Roasted Woodpigeon Breast with Pickled Morel Mushrooms and Watercress Emulsion
Portion/Yield:Serves 2 as main course or serves 4 as a starter
Everyone has probably used the old cliché of ‘don’t judge a book by its cover’ more than once in his or her lifetime. I used to cast this judgment on pigeons. I could not think of them as food! My thoughts went from them being someone’s pet to being the flying rats in the cities, pooping on statues and all (urgh!). We get angry with these birds, especially as they raid the freshly sown fields throughout the countryside. Farmers try their utmost to keep them at bay and I have seen some incredibly funky and clever tricks that farmers use to scare them off, from dangling glimmering old CDs to scarecrows and even a fake shotgun sound randomly clapping away at all hours of the day. The truth is nothing really works. There are too many of them and if you can’t beat them, eat them!
Woodpigeons are delicious and have been a delicacy served in many restaurants for generations. The saddest thing was that when I used to work as a young chef in a top London restaurant, back then we used to import these plump birds from France, even though we had a plentiful supply in Britain. The memory for me is still very clear in my mind. We received them as whole birds, with their heads and feet on and insides intact, and my first job of the morning at 6:30am was to gut these birds (and you could still see the food they had recently eaten). You might think this is a bad memory but, in fact, it’s a beautiful memory for me to savour, even though I wasn’t too keen on it at the time, especially so early in the morning!
Woodpigeons can be awful if they are overcooked, so the trick is to cook them lightly and serve them pink or medium-rare. Resting is just as important as the cooking; the normal rule of thumb is to rest the meat for the same length of time as the cooking time. This allows the meat to relax and stay juicy and tender. I also recommend that you buy woodpigeons from a reputable supplier or someone you know – you do not want to purchase a bird riddled with lead pellets.
Ingredients & Method
For the roasted woodpigeons
- 4 raw elongated Cheltenham beetroots (or raw standard round beetroots), about 450–500g total weight
- 2 tablespoons olive oil, plus a dash of olive oil
- 120g spelt
- 1/2 teaspoon sea salt
- 1 tablespoon chopped fresh mixed soft herbs (such as parsley, chives, chervil and tarragon)
- 1 teaspoon sherry vinegar
- 2 teaspoons unsalted butter
- 2 plump woodpigeons (250–300g each), plucked and gutted
- sea salt and freshly cracked black pepper
For the pickled morels
- 100ml rapeseed oil 200g fresh morels, cleaned and sliced
- a sprig of fresh thyme, leaves only
- 2 teaspoons sherry vinegar
- a pinch of caster sugar
For the watercress emulsion
- 50g watercress leaves
- 1 teaspoon Dijon mustard
- a pinch of caster sugar
- 50ml rapeseed oil
- fresh rosemary flowers and watercress sprigs, to garnish
Start by cooking the beetroot for the roasted woodpigeons. Preheat the oven to 160°C/Gas Mark 3. Wash the beetroots, scrub the skin and remove the leaves, but leave a small piece of the leaf stalk attached to each beetroot. Season the beetroots generously with salt and pepper and lay them on a baking tray. Bake in the oven for about 11/2 hours or until cooked and tender. Remove from the oven and set aside to cool. Once cool, cut the beetroots into halves or quarters, brush all over with 1 tablespoon olive oil and set aside until needed.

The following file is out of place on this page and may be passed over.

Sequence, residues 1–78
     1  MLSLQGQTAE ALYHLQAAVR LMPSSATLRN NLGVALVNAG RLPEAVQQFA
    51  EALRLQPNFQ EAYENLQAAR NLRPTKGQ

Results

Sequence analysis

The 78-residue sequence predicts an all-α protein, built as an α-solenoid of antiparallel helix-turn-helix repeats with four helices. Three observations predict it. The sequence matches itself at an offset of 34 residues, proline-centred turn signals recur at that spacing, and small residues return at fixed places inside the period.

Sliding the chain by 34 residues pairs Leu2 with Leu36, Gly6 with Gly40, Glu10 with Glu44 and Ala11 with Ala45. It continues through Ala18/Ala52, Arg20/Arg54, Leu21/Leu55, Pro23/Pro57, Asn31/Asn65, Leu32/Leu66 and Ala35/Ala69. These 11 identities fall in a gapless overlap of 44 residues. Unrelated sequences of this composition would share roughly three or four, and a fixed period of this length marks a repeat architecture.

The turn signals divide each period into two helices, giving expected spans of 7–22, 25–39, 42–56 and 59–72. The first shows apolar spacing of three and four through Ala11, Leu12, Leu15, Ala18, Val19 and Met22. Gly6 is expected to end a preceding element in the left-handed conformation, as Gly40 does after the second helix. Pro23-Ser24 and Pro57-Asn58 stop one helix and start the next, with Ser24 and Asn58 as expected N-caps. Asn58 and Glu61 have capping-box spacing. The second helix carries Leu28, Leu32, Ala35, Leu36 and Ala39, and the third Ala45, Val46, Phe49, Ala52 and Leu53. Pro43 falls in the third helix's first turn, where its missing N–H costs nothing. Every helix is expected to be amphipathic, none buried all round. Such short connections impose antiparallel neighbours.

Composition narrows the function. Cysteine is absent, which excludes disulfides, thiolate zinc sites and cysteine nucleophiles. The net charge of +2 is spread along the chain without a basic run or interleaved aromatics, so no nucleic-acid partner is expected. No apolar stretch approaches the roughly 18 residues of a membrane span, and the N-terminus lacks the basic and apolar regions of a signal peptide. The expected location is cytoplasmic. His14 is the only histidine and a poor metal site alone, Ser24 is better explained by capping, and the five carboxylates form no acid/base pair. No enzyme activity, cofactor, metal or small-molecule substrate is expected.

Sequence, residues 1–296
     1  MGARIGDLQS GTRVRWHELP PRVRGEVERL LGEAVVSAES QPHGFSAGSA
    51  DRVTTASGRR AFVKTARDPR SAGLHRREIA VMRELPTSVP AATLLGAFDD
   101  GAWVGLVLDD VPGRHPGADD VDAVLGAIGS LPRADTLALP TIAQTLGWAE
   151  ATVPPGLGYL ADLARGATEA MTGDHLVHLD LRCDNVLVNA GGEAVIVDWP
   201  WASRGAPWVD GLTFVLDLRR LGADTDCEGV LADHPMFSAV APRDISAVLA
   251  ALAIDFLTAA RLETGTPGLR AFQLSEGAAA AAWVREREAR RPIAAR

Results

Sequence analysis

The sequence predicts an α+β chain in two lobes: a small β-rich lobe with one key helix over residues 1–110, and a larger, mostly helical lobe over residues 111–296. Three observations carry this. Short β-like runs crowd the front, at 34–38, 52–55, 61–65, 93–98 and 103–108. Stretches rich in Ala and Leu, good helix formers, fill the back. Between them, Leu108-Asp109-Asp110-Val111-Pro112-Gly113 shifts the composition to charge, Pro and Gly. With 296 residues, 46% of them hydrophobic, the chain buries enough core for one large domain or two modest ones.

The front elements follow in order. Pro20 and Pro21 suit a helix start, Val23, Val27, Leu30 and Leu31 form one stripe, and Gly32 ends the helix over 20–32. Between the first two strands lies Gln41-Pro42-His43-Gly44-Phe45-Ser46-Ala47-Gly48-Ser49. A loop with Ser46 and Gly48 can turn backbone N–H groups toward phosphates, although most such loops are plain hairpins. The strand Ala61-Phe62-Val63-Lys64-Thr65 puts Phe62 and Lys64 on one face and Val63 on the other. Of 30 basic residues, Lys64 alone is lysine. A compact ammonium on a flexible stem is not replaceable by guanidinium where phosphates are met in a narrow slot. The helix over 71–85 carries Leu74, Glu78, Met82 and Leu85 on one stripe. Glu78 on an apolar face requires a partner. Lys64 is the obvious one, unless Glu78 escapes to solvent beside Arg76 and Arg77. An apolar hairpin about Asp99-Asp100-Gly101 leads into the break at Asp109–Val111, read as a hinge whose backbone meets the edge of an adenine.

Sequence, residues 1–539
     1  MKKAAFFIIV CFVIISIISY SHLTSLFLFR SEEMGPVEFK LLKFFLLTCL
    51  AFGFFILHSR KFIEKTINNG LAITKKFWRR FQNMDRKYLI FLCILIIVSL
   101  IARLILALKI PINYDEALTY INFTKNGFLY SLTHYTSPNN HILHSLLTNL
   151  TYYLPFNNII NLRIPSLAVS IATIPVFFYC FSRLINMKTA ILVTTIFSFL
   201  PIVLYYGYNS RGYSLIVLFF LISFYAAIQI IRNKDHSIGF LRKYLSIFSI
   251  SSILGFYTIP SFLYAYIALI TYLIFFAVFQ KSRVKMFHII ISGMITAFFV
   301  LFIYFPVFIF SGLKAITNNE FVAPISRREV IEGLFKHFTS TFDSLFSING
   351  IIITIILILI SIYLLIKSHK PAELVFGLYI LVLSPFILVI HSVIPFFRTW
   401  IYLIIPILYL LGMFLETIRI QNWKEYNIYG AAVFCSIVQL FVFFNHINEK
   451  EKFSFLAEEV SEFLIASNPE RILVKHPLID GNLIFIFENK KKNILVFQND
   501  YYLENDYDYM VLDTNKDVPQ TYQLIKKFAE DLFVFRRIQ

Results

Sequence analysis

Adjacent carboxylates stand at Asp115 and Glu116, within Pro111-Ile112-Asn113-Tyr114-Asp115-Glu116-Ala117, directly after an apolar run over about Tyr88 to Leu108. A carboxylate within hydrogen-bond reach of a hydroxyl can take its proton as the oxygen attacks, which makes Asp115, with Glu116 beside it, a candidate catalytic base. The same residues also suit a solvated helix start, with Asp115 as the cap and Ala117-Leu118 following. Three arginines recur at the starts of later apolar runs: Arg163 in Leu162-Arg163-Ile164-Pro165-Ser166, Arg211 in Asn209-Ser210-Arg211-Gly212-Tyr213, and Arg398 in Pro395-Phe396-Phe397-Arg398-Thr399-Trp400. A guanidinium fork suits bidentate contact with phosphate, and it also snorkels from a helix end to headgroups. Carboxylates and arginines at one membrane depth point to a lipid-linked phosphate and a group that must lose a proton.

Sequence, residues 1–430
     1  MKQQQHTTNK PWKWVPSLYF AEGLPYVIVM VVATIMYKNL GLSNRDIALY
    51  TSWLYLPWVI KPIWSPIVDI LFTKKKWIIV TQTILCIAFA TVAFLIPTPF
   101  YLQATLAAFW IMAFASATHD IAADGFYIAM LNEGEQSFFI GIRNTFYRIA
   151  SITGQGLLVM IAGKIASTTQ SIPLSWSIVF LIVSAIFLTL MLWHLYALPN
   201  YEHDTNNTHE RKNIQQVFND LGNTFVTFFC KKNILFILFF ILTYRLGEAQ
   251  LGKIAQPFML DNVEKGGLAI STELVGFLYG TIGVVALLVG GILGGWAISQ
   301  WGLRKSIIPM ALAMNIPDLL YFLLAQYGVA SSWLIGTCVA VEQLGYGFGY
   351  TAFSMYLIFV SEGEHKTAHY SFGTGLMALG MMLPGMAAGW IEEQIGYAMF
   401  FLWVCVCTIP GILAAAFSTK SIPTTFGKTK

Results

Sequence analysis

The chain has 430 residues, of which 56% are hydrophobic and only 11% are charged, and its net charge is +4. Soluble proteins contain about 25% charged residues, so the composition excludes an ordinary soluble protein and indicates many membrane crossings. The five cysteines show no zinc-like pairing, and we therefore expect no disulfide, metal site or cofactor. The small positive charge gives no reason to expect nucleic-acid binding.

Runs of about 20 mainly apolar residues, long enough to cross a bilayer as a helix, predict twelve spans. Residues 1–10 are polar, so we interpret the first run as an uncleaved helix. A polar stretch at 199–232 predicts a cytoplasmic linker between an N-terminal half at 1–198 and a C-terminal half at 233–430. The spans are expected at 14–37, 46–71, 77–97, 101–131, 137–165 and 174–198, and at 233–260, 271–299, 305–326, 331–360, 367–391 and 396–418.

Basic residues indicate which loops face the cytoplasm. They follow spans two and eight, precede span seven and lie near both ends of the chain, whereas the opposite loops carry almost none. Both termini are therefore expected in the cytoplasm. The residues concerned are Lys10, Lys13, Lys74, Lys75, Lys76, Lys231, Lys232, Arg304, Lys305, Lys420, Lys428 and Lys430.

Next, prepare the pickled morels. Heat 1 tablespoon rapeseed oil in a non-stick frying pan over a medium heat and sauté the morels, with salt and pepper added, for 2 minutes. Remove the pan from the heat, then add the thyme leaves, sherry vinegar, sugar and the remaining oil. Let the oil heat through from the residual heat of the pan and set aside at room temperature for 20 minutes.
Meanwhile, prepare the watercress emulsion. Put the watercress leaves, mustard and sugar into a small blender and blend together until smooth. With the motor running, slowly add the rapeseed oil to form an emulsion. Pour into a small bowl, cover and chill until needed (see Cook’s Note).
To cook the spelt for the roasted woodpigeons, place the spelt in a saucepan and cover with four times as much cold water. Cover with a lid and bring to the boil, then remove the lid, reduce the heat and simmer for 18 minutes. Add the 1/2 teaspoon of salt and cook for a further 2 minutes or until the spelt is cooked and tender. Drain well, then place the spelt in a bowl, add the herbs, sherry vinegar, a dash of olive oil and salt and pepper and mix well. Keep warm.
Meanwhile, for the woodpigeons, preheat the oven to 200°C/Gas Mark 6. Heat the remaining tablespoon of oil and the butter in a non-stick frying pan until the butter is foaming. Season the prepared woodpigeons with salt and pepper and add them to the pan, then cook over a high heat for 1 minute on each breast until golden brown. Transfer the woodpigeons to a roasting tin and roast in the oven for 4 minutes.
Remove from the oven and let the woodpigeons rest for 6 minutes, then remove the breasts from the birds using a sharp knife. The woodpigeon breasts are now ready to serve. (Discard the bird carcasses or use them with chicken bones to make stock.)
Divide the beetroot pieces between 2 serving plates (placing them towards the edges), then spoon the spelt salad into the centre of the plates. Drain the morels (discarding the pickling liquor) and place them on the plates, drizzle with a little of the watercress emulsion and then place 2 roast woodpigeon breasts on top of each portion of salad. Garnish the plates with rosemary flowers and watercress sprigs and serve immediately.
Keep any leftover watercress emulsion in an airtight container in the fridge and use within 3 days. Serve as a salad dressing or drizzled over grilled sardines or herrings.